For many Melanesian peoples, at least, "afterlife" may be an aberrant approximation, based on the continuing resonance, in memory and in habitus, among the survivors, of a striking or powerful personality removed from their midst. Thomas Maschio (1994) translates this as "memory" among the Rauto of south New Britain, and the work of Steven Feld (1982) among the Kaluli, of Mount Bosavi in Papua, reveals their Gisaro rite as an awesome synchronicity, uniting the worlds of the living and dead through the reverberation of sound. The Gizra folk, of the Papuan south coast, trace the mythic beginnings of our world to "the Woman Kumaz, Originator of Death and Musical Instruments."
Music may or may not be the voice of the soul, but it is surely our most eloquent evocation of resonance. At all events, it would seem to be the closeness or near proximity of death that predominates in many of the Papuan conceptions of afterlife, whereas other Oceanic peoples emphasize the separation. It begins as a journey for many Polynesian peoples. For the New Zealand Maori, one of the most significant shades of the deceased embarks on a long journey after dying and finally comes to reside in a world beneath the sea, very much like our own. On Tahiti the ultimate destination of the deceased depends on choices made, or trials encountered, en route. A kind of paradise, identified as "Fragrant Rohutu," represents the best of these, whereas the others, according to Christian analogies developed by the missionaries who first described them, correspond to a kind of limbo and a purgatory.
Death implies a journey, as well, for the Afek religion of the Mountain Ok peoples in the Star Mountains, the geographic center of New Guinea. One of the edifices of their Telefolip ritual complex covers the entrance to the bad road into death, called "the Road of Dogs Tearing Flesh." Another, presided over by the woman Bitsanip, a near reincarnation of the creatress, guards the entrance to the good road into death, and Bitsanip advises those who die to take it.
There is, however, the danger of a false dichotomy in some of these examples, for the journey of the deceased resonates the life values left behind in death, whereas the verses of the Kaluli Gisaro, a most piquant instance of death-related resonance, trace the progression of an imaginary traveler across a real landscape. Kaluli call this "singing the garden-names."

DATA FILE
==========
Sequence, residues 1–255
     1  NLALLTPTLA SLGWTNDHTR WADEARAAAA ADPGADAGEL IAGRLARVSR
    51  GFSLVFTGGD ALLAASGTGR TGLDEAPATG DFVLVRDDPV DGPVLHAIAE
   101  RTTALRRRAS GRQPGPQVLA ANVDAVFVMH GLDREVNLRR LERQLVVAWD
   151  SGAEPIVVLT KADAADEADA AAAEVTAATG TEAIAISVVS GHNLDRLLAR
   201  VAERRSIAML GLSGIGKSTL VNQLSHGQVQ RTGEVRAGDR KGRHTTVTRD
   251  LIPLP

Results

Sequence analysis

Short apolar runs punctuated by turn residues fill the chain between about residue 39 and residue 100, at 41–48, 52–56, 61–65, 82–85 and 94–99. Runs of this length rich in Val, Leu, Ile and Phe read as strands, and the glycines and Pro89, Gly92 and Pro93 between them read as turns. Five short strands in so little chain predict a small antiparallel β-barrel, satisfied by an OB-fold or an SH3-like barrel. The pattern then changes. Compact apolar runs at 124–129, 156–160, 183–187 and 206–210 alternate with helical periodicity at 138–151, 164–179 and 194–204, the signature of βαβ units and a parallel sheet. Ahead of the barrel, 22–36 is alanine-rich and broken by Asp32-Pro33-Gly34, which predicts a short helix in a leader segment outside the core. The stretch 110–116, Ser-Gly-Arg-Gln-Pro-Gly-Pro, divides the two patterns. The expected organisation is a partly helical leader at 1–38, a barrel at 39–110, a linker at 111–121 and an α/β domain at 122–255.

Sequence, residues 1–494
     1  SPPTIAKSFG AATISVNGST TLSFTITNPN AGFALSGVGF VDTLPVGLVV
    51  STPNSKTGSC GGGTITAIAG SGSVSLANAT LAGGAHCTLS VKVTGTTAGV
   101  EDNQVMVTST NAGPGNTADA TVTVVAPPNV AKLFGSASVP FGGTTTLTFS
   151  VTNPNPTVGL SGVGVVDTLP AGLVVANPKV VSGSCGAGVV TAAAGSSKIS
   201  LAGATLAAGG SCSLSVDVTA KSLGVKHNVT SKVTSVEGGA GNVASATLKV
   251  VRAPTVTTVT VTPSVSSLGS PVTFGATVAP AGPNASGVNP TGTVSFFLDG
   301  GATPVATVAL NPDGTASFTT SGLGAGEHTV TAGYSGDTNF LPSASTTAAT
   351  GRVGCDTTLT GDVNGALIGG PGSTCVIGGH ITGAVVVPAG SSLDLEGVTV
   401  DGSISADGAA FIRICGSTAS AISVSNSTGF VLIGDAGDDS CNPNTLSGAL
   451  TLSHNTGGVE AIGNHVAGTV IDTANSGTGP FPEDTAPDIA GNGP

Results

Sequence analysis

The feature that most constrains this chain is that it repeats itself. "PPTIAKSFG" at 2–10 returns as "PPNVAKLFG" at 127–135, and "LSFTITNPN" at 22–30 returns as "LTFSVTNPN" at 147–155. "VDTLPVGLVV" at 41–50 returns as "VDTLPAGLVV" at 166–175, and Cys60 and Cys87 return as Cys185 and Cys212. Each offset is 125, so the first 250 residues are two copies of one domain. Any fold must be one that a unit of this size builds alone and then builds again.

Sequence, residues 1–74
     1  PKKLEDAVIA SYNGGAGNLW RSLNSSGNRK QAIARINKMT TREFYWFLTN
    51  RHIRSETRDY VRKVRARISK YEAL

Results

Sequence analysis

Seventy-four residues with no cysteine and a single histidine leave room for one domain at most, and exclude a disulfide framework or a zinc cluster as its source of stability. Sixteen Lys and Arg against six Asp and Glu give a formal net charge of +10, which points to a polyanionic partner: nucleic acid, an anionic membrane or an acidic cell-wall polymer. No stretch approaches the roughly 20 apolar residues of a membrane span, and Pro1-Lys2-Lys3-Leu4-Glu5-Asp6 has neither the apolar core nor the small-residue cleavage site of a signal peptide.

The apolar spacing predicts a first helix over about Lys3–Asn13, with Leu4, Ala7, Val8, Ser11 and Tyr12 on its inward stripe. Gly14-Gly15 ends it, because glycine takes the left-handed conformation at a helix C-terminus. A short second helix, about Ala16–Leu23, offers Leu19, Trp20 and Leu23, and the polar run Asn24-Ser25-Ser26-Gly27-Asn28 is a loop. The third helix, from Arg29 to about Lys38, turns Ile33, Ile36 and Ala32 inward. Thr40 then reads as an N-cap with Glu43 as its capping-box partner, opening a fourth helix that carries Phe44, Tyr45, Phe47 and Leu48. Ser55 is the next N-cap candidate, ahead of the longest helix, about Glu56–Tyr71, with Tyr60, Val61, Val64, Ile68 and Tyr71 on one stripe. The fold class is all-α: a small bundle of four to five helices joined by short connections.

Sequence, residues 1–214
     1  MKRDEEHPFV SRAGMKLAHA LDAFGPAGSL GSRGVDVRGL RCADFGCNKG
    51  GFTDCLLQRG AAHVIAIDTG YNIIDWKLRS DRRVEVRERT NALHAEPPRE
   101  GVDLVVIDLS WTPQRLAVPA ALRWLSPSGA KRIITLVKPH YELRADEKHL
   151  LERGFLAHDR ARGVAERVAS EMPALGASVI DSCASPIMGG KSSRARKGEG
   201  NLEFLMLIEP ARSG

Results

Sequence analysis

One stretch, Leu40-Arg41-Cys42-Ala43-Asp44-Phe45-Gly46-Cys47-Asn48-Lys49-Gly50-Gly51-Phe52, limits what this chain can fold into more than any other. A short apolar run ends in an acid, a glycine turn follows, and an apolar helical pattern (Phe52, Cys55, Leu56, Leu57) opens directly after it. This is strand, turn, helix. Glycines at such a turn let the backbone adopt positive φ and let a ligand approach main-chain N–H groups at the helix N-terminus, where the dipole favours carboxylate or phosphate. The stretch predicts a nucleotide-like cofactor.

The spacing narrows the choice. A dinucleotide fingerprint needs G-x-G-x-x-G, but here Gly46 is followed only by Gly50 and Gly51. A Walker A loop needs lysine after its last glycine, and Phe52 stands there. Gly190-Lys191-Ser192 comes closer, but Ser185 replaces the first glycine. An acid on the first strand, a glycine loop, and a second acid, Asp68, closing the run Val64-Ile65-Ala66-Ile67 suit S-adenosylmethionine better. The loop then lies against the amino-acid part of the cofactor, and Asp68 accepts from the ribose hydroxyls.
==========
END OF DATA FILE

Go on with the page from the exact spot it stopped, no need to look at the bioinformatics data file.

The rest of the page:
What is missed most in accounts of Oceanic afterlife concepts is neither the fault of those who tell them nor of those who write them down, but most often a glitch in the art of explanation itself, which has a certain afterlife quality of its own. We tend to favor linear, cause-and-effect strategies and vivid depictions of a scenario that is hardly more than guesswork. The best we might hope for would be the kind of pragmatic understanding that combines the afterlife concepts of the peoples in question with those of our own explanatory overtures.
What happens to the sense of things after the senses have ceased to function? Is the concept of an afterlife something reserved for the living alone, or does it correspond to something that is asymbolic, existing independently of the analogies used for its recognizance? Even our commonplace words and phrases have their resonances, and a sentence is, of course, a journey. But for a number of Melanesian peoples, and perhaps others in Oceania, the question of analogy's correspondence to reality is a moot one. For those gifted with what some scholars have called a "holographic worldview,"* the differences between symbolic analogy and reality, and, perforce between life and death, are summed together automatically and canceled, in the very thinking of them. This means that what might be considered as "afterlife" is fully coterminous with life as it is lived, that what might be called "the symbolic debt" of the living is revoked, that every person becomes a completed being when the holography is engaged on their behalf.
In formal terms, holography amounts to the complete mutual occlusion of part and whole (any part and any whole) in any contingency. When properly applied, holography obviates the stepwise patterning of logical explanation, or reasoning by analogy, by the simple virtue of being its own analogy for itself. In more familiar terms, a hologram depicts a three-dimensional imagery in a two-dimensional format and obviates the sense that would guess at its depth or spatial placement. In the terms of the mortuary feasting complex of the Barok people of New Ireland, death's hologram is life, and life's hologram is death. "The child in the womb and the corpse in the ground are one and the same thing and the same conception, the ultimate containment called Kolume. In everything we know and do and touch, Kolume is intersected by Gala, the ultimate severance, or the cutting-that-nurtures." What would appear to be a mortuary feasting complex is simply a highly formalized and participatory confirmation, performed on behalf of every person who dies, of the elemental oneness of Gala and Kolume. Death takes no prisoners, here, and afterlife would be anticlimactic.